One of the main reasons I wanted to be part of my own magazine was to improve visibility for girls like me. In current media, I don’t feel I’m represented, and I’m sure there are plenty of women out there who feel the same. The truth is, it’s hard to find people who look like you on TV, in movies, and in magazines, especially when those mediums are populated by celebrities and models who are not only paid to look stunning, but often have their appearances altered by great lighting, Spanx, or Photoshop.
I started to do some research into Cosmopolitan Magazine, one of the biggest names in the industry. I wanted to know just how bad the lack of representation was, especially in a form of media that’s so influential. As much as we may not want to believe it, Cosmo isn’t just read by adults, but young girls. And this is what’s teaching those girls about their bodies, sex, how they should act, and how they should look.
The unfortunate truth is that most magazines depict women who are overwhelmingly thin, perfect, and white, even though their audiences are an eclectic mix of individuals. Cosmo is no exception. While Cosmo’s representation is likely better than some, like, say, Vogue, which frequently does blackface on its covers, it could still use a major overhaul. The magazine industry isn’t truly diverse if it still must differentiate its diversity with a “plus-size” fashion spread once a year, or an “all-black” issue, or a special “Latina” magazine.
So just how many women of color have even been on the cover of Cosmo recently?
In 2012, the models were as follows: Scarlett Johansson; Dakota Fanning; Selena Gomez; Megan Fox; Khloe Kardashian; Pink; Demi Lovato; Ashley Greene; Lucy Hale; Zooey Deschanel; Kate Upton; Taylor Swift. Only three of them were women of color – Selena, Khloe (who may not identify as a WOC), and Demi. In 2011, Cosmo’s record was the same. Three of the 12 covers featured women of color — Rihanna, Nicki Minaj, and Kim Kardashian (who also may not identify as a WOC). The rest? White.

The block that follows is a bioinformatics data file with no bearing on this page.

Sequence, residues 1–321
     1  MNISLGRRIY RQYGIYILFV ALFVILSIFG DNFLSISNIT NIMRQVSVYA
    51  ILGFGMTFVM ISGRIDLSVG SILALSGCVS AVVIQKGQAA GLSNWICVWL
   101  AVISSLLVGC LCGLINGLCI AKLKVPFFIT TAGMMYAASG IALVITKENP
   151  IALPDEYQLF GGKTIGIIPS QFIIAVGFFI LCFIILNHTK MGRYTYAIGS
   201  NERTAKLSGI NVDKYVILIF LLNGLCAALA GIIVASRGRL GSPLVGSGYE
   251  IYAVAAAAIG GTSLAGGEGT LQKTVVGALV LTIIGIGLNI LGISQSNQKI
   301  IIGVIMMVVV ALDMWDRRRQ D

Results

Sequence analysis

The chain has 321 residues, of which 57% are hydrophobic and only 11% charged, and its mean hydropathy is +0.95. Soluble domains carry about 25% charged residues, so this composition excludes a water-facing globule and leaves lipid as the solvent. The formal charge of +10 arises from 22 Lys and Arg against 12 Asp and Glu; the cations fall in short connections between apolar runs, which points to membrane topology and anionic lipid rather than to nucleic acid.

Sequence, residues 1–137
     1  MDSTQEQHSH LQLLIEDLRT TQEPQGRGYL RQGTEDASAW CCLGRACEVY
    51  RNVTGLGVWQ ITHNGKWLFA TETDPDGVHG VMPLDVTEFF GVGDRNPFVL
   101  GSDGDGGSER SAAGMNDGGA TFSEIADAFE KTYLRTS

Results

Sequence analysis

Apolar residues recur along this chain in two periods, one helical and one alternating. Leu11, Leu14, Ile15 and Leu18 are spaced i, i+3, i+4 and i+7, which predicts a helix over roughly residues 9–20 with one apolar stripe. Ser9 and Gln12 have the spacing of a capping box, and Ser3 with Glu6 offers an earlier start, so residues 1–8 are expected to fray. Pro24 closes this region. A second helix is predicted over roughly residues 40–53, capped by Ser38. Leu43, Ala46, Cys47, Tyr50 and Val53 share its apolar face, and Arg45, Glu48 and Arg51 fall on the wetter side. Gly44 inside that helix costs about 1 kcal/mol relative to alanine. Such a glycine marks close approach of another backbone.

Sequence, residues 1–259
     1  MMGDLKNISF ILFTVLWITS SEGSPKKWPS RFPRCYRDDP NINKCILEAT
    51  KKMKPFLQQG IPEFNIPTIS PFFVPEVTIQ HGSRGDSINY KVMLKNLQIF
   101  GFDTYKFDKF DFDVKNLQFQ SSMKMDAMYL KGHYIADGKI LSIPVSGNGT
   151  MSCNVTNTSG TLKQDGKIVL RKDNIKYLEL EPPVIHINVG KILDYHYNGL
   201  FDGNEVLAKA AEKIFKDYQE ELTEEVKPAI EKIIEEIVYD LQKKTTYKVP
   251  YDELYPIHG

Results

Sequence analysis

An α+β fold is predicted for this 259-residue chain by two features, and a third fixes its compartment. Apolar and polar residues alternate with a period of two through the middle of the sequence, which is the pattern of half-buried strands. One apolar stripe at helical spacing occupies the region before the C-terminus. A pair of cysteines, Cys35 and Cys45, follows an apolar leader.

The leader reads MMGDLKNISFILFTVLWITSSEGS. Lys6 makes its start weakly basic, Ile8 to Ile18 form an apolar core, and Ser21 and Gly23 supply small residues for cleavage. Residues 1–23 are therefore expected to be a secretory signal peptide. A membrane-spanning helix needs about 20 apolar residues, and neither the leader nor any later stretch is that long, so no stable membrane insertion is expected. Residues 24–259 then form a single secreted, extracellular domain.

Where are the Latina women? East Asian women? South Asian women? Plus-size women? I decided to take a look at Cosmo’s covers over the span of 10 years (2001-2011) to see whether anything had changed. Here’s what I found.
Total covers analyzed: 132
Note: I didn’t bother analyzing whether the women would be considered plus-size. It goes without saying that none — except Adele on the Dec. 2011 issue — were.
Initial thoughts: I expected most cover models would be blonde, if for no other reason than that whole “blondes have more fun” mentality in Hollywood and society. I based my results solely on what each celebrity/model’s hair color was on the cover — not what they were born with, or the hair color they “normally” may wear.
What I found:
- Blonde: 85 (64.39%)
- Brunette: 39 (29.55%)
- Red: 4 (3.03%)
- Black: 4 (3.03%)
In Hollywood, blonde has overwhelmingly been defined as “better” — sexier and prettier than any other hair color. There’s no real surprise that a lot of the women on the covers had blonde hair, but I don’t think Cosmo specifically chooses women who are blonde for their covers. I think it likely has to do with there being more blonde, white celebrities in U.S. media. Interestingly, some scientists say only around 2% of adults are natural blondes.
Perceived Hair Texture
Initial thoughts: What defines the type of hair “texture” we have? Well, that’s sort of hard to say. I couldn’t physically go up to each cover model and touch their hair (also: that would be weird), but I could look at the style of their hair. I went into this thinking most hair would be straight because it’s often known as “white hair” — that silky, “smooth” texture exemplified by women like Jennifer Lawrence and Emma Stone and Reese Witherspoon.
What I found:
- Straight: 53 (40.15%)
- Curly: 11 (8.33%)
- Wavy/professionally curled: 68 (51.52%)